Ranking the most ridiculous labels

Which magazine ranked the funniest and most meaningless warning labels. Number one is a warning on a stroller: "Remove child before folding." 

Another masterpiece adorns the package of peanuts: "May contain nuts."

One of the most stunningly dumb labels is on a package of sleeping pills. The pharmaceutical company warns that the pills may cause drowsiness. 

Sticker on Panasonic electric flashlights says: "Source of light, intended for use in dark."

If you buy Puma sneakers, you will find out that the average amount of items in the box is 2. "Are there any lucky one who has taken 3 sports shoes?" the magazine asks.

Label on a child scooter has a brilliant text: "Use the door only for entrance or exit." 

The warning on a Superman suit is not less crazy saying that the garment is not intended to fly. 

Warning on a modern drill says that the drill should not be stopped by hand.

For the wisest remains the label on Penta mineral water: "Light for drinking. To be used for bio hydration, the optimal cell hydration will help you defeat the negative effects of the living conditions and help your brain to be active every day. "

Are the labels on fake products real?

First skillful imitations of famous brands of foods and beverages appeared more than 100 years ago, says Izvestiya newspaper.  We may read in the preserved issues of Peterburgskiy listok newspaper dated 1909 that imitations of Dutch cocoa appeared. The label, however, illustrated a pot instead of an eagle, while everything else was the same. Moreover, on the “original” box of American lobsters it was written with tiny letters to be manufactured in Riga. On a box of sardines of the Italian company Cano the company trademark was accurately copied. At the bottom, however, it was written to be manufactured in the Crimea.

Today the counterfeiters of labels are even more skillful. The famous brands of alcohol, cigarettes and chocolates are the ones most often imitated. Statistics indicate that the losses resulted from such counterfeits for the European economy amounts to 5 billion euros per year. America is also robbed financially of several billions per year.

The electronic labels are the most recent update

Labels are usually made ​​of paper, plastic, foil, and textile. Soon, however, they will be replaced by electronic ones. Most electronic labels have chips, which contain the most important information about the food content, expiry date and price. To read the chips, however, on the supermarket stands, shopping cars, household appliances some special devices shall be installed. 

RFID technology (radio-frequency identification) is also popular. German METRO Group presented similar smart labels at the CeBIT exhibition in Hanover. Each label is equipped with a radio chip that provides quick information to both the consumer, and the seller. If the garment has such a label, for example, there is no need to try on few to find the right size. The electronic mirror in the store will help you to choose.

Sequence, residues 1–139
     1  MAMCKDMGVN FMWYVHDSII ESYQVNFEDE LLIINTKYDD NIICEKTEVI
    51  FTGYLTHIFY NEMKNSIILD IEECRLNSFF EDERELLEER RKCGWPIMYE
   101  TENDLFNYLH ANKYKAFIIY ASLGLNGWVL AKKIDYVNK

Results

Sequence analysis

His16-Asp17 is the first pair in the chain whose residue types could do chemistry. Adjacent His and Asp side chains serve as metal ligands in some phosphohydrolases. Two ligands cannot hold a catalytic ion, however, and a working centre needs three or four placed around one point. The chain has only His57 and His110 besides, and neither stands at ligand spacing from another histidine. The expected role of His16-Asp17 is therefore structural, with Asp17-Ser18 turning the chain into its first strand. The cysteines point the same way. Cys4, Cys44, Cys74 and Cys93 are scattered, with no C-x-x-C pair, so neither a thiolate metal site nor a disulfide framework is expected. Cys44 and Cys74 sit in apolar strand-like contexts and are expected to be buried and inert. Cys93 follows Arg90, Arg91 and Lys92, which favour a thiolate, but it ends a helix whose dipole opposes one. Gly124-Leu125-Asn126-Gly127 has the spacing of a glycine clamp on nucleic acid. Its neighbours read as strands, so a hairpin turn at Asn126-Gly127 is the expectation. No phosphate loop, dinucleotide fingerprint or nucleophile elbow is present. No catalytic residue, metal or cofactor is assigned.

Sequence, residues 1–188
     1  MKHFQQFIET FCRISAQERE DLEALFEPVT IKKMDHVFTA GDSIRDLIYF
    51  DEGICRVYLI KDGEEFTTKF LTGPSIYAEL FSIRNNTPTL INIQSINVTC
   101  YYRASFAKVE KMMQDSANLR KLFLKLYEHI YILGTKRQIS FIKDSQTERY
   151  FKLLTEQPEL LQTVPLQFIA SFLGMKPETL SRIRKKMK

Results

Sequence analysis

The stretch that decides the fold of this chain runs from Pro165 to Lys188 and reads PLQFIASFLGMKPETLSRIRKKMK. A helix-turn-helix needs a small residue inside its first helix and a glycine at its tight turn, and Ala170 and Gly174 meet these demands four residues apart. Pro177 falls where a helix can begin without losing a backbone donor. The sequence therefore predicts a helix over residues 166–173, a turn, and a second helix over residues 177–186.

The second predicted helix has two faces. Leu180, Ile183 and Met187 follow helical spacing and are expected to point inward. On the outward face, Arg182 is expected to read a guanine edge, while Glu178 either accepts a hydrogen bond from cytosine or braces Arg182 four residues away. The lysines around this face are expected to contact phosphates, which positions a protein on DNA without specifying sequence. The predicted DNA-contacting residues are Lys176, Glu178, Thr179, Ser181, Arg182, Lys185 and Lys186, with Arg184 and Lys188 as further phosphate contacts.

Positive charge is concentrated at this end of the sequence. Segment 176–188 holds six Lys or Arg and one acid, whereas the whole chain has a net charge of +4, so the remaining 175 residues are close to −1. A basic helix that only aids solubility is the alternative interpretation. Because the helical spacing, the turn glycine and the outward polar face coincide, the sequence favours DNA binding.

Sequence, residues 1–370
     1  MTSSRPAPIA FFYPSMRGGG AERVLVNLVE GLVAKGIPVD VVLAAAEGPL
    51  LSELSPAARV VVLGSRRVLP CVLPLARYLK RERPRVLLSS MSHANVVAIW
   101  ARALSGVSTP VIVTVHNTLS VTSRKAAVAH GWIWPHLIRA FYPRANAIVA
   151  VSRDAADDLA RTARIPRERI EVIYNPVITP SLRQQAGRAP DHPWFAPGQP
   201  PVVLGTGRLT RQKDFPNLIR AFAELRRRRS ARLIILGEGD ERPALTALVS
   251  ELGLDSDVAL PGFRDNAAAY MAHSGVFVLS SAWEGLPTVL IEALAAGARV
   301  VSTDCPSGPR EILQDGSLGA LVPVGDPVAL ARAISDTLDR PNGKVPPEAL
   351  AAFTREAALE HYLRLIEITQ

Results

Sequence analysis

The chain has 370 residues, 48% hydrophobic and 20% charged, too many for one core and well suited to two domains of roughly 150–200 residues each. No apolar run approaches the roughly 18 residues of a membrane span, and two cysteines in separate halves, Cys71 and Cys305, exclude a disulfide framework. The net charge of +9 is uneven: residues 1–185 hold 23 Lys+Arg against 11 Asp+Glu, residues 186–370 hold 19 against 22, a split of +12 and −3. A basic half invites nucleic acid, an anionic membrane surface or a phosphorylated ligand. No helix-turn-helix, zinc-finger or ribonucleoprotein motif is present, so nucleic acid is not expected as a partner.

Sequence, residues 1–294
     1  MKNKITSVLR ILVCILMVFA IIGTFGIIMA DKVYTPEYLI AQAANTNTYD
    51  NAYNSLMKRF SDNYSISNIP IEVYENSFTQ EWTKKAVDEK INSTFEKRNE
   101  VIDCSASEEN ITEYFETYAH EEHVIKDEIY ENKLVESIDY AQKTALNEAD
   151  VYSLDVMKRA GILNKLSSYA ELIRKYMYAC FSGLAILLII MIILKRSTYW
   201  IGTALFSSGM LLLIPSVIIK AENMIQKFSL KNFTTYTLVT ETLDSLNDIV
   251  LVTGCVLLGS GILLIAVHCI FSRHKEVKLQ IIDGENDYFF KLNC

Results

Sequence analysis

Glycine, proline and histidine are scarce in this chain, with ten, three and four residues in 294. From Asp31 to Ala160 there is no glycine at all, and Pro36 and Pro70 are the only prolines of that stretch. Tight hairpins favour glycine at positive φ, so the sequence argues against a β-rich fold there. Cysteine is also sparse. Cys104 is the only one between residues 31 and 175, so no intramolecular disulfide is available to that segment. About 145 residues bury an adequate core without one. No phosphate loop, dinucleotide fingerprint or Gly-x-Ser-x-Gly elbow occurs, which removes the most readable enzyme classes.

Siemens has recently introduced the first labels made of liquid crystals, manufactured according to the so-called technology of printed electronics. It allows printing thin LCD displays indicating the product information on paper in a low-cost and easy way.

Last summer the U.S. began to tattoo fruits with a laser. The carved label contains information on the origin and quality of the product and serves as a certificate of product safety. The new laser technology allows lasering the name, identification number and country of origin. It carves thin grooves on the top layer of the fruit skin without destroying it, and therefore does not reduce its durability.

Curiosities in the history of labels

*The largest collection of beer labels belongs to Jan Solberg from Oslo. He has collected 350,000 paper labels of famous brands.

*The largest collection of clothing tags belongs to the Italian Angela Beteli from Modena. She has collected 2,180 paper tags of various garments. Her collection includes tags of French, German and Italian designers. * *The oldest one she picked 40 years ago. 

The largest collection of fruit stickers belongs to Antoine Seko from Bourbon-Lancy, France. He has collected 20,500.

*The oldest matchbox label dates from 1829. It was produced by the chemist Samuel Jones, who was popular at that time. The label said “Lucifer matches. Instantly ignite by quick friction".

*The red grouse is the symbol of the popular whiskey Famous Grouse. It is the game bird, which inspired the Scottish wine merchant Matthew Gloag to create the magnificent drink. He made whiskey, which color reminded the beautiful red feathers of the red grouse. His daughter Philippa drew the sketch of the first label.